What A Doggone Fool

, , , , , | Legal | April 11, 2021

I am walking my family’s two dogs a little later than usual, when the streets are busier and more people and animals are around. One of the dogs spots people walking their dog and starts barking her little head off, so I do my best to pull her and our other dog away without causing issues for the other dog walkers. Just as we put more distance between the other dog and us:

Man: “HEY! LADY! EXCUSE ME!”

I turn around and there is an elderly man approaching me, spitting mad.

Man: “How dare you let your dogs go crazy like this?! If you cannot keep them controlled, you should keep them muzzled since they’re clearly aggressive!”

One of the dogs has been calmly sniffing trees around us and the other one is eyeing the man distrustfully and lightly growling since she dislikes raised voices.

Me: “I’m sorry, sir. I didn’t see the other dog as we were turning a corner, and I did my best to control the situation—”

Man: “I don’t care! Your dogs are a danger and you’re an awful dog owner! I’ll call the police on you!”

Me: “Sir, I’m sorry—”

Passerby: “Hey, man, leave the girl alone! It’s not a big deal, and you’re causing more chaos at this point.”

Man: “NO! She needs to be punished! I’ll call the police on her! She’s disturbing the peace!”

This goes on for a few minutes before I get fed up, apologise to him again, and turn away to continue walking the dogs, with him shouting after me about how he’ll call the police on me for having aggressive dogs, But I think nothing of it, because hey, what police officer would go out because a dog barked at another dog?

Later, as I go around the block and start heading home, I see a police car pull up behind me and two officers get out. Surprised, I blurt out the first thing that comes to mind.

Me: “Oh, don’t tell me he actually called the police on me!”

Police Officer #1: “We got a report about aggressive dogs in the area. Do you know anything about that?”

I recount the story as best as I can, starting to shake a bit from anxiety over this. While I’m telling the story, one of the dogs is gladly taking the chance to lay down and the other is making friends with the officers and getting petted by one of them.

Police Officer #2: “Well, clearly, this was a pointless call, as your dogs are clearly friendly and not aggressive at all.”

They gesture to the dog who’s basking in their colleague’s attention.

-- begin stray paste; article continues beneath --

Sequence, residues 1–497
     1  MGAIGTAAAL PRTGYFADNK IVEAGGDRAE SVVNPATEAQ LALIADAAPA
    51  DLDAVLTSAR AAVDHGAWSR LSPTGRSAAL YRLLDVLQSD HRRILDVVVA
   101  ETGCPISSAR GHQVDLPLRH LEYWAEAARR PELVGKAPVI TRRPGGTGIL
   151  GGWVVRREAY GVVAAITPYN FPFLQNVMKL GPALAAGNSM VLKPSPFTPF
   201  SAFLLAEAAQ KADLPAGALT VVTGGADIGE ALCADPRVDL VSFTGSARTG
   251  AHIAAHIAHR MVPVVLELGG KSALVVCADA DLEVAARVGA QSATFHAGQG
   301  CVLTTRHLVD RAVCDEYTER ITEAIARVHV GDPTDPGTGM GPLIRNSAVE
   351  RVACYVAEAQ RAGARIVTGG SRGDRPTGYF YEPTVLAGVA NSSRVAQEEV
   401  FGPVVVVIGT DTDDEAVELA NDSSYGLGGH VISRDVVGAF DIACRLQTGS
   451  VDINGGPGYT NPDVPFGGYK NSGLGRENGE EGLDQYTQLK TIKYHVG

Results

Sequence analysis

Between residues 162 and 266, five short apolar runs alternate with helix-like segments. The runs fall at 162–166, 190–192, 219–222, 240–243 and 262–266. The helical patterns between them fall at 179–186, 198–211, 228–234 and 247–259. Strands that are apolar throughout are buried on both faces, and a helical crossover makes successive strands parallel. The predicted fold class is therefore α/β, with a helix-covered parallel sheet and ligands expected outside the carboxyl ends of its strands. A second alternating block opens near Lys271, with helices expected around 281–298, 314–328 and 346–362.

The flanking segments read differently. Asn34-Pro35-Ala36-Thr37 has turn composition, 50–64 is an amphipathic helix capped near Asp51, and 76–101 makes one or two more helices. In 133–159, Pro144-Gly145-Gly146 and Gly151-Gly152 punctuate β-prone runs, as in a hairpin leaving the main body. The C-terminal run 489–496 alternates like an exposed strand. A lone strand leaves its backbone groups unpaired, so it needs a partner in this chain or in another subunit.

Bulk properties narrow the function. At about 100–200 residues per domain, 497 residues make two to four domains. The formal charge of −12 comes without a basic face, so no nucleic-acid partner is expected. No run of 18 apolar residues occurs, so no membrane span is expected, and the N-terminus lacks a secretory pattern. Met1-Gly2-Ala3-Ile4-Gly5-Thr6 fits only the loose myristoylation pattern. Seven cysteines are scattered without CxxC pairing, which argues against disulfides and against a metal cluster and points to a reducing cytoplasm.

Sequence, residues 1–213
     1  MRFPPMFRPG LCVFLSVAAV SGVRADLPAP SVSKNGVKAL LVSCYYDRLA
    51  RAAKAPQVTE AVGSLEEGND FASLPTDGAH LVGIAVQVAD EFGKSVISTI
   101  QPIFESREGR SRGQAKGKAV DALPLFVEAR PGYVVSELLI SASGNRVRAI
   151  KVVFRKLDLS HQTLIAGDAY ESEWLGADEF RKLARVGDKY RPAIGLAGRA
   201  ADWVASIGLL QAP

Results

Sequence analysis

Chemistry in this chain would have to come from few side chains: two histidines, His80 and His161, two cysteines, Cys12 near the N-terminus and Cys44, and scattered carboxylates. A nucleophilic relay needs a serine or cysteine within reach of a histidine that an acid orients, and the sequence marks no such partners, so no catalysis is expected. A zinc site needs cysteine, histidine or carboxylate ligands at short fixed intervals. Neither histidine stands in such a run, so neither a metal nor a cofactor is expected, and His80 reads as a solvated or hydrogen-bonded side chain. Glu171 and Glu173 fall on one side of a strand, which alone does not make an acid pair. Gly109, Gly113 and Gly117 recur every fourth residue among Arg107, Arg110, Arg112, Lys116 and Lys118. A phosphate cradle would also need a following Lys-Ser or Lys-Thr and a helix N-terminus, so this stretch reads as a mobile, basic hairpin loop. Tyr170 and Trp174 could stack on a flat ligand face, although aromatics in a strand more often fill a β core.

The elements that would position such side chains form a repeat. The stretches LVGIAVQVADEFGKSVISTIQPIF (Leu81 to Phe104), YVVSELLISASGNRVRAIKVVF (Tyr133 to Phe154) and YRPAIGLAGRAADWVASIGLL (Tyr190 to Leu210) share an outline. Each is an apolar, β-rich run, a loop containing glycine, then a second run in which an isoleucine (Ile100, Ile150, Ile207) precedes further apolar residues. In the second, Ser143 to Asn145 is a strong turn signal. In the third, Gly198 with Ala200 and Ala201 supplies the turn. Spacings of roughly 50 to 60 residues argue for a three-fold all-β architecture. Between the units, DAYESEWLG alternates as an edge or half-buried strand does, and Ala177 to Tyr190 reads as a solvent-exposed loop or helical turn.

Police Officer #2: “Carry on, miss, and have a good day!”

Me: “Thank you! You, too, and I’m sorry for the trouble!”

Shaken, I returned home and told my mum about what happened. She was understandably upset, and my dad helped me walk the dogs the next few days, just in case the crazy old man came back again. The kicker? I remembered seeing the man before that day when I was retelling the story to my mum; he had come up to me to ask for directions a few weeks before and had even admired how well-behaved the dogs were, petting the very same dog he deemed “aggressive and dangerous”! Thankfully, I haven’t seen him since then, but I do hope he’s nicer now.

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Hungry Like The Wolfdog

, , , , , | Working | April 5, 2021

I volunteered with a wolfdog hybrid rescue farm. We had a pack of wolfdogs that were permanent residents at the farm, as having other wolfdogs coming in and out of the pack would have been traumatic for them. About half the farm, however, was set aside for the adoptable animals. They were held in large pens by themselves. On the weekends, it was one of my jobs to clean out the individual pens. There was plenty of poop from the week. During the winter, I would jokingly refer to what I picked up as “poopsicles.”

One very cold winter day, it was not much more than 20 degrees F (about -7 degrees C). I entered one of the pens that held a wolfdog. I greeted her, gave her a scratch between the ears, and went about picking up the poopsicles with tongs and placing them in the bucket I carried. There was a decent amount of snow that had accumulated on the ground, so it was easy to find my targets.